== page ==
PHOENIX — As league and team representatives arrived at the NFL’s annual meeting on Sunday, a sense that Washington Commanders owner Dan Snyder is inching closer to finalizing a deal to sell the franchise followed.
But firm details of the potential transaction — including who is in line to take over the franchise and for how much — remain shrouded in secrecy, which sources told Front Office Sports can be attributed to how sensitive talks are at this point.
There was the expectation Snyder would sell among those interviewed at the last owners meeting outside Dallas in December, but two team executives said there’s hope that it will occur soon.
Dallas Cowboys owner Jerry Jones told Dallas-based reporters on Monday that sale wouldn’t be finished during the meetings, which run through at least Tuesday.
There’s no formal agenda item at the league meetings, but there are privileged, owners-only sessions — where only owners are in the room — on Monday and Tuesday where it’s expected Snyder and the Commanders will be discussed, sources told FOS.
As the name indicates, what occurs during privileged sessions doesn’t typically become public. According to ProFootballTalk, NFL general counsel Jeff Pash urged owners to exercise restraint when it came to commenting about Snyder in the aftermath of Colts Owner Jim Irsay telling reporters at October’s owners’ meeting that there was “merit” to removing Snyder.
Commanders co-CEO Tanya Snyder is again representing the franchise at the meetings.
The air of secrecy goes beyond what will go down behind closed doors here.
The serious contenders for the Commanders are bound by confidentiality agreements — and they’ve been sticking to them. The team has also not commented about the process since it was announced in November that Snyders were exploring options that could result in a sale of all or part of the franchise.
The contenders include Philadelphia 76ers and New Jersey Devils owner Josh Harris, Amazon founder Jeff Bezos, Houston Rockets owner Tilman Fertitta, and Canadian billionaire Steve Apostolopoulos.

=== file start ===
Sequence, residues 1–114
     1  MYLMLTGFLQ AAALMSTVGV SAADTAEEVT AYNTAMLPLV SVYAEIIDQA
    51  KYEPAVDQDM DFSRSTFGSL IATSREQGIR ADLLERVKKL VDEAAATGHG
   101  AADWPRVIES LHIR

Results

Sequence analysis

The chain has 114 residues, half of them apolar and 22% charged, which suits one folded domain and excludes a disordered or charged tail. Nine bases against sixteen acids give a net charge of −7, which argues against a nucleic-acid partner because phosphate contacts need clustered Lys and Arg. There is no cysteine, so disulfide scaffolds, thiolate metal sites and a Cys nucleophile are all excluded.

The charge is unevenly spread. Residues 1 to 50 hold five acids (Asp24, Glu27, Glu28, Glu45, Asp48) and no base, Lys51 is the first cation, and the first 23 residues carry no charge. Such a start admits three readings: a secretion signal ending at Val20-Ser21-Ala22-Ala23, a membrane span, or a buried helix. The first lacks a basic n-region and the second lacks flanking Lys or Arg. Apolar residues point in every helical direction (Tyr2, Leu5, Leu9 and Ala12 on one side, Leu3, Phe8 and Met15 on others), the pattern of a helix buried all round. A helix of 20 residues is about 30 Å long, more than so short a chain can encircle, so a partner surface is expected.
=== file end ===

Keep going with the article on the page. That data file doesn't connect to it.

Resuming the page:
Before the sale process began, there was serious consideration toward mounting an effort to remove Snyder. The onerous process has never been undertaken in NFL history, and ultimately, would require at least 24 owners to vote in favor of removing Snyder.
That effort was shelved after the November announcement was made.
While that process remains on hold, the second outside NFL investigation led by former chair of the SEC Mary Jo White remains open. NFL commissioner Roger Goodell said before the Super Bowl in February that “no timeline” for White “to come to any conclusions.”
White’s investigation began in February 2022. The original focus was a harassment claim made against Snyder. Last April, it expanded to include allegations of financial irregularities, something federal investigators are also probing.
Snyder has denied wrongdoing on both.
Snyder has refused to be interviewed by White, The Washington Post reported Sunday.
A Stake in Chargers For Sale?
The sister of Los Angeles Chargers controlling owner Dean Spanos is reportedly selling nearly a quarter of the team she controls.
Dea Spanos Berberian has been locked in a legal battle with her siblings for more than three years. Dean Spanos, Michael Spanos, Alexis Spanos Ruhl, and Berberian each own 15%.
Sportico reported that Berberian is selling her personal share of the Chargers, along with her chunk of the family trust, which amounts to a collective 24% of the team.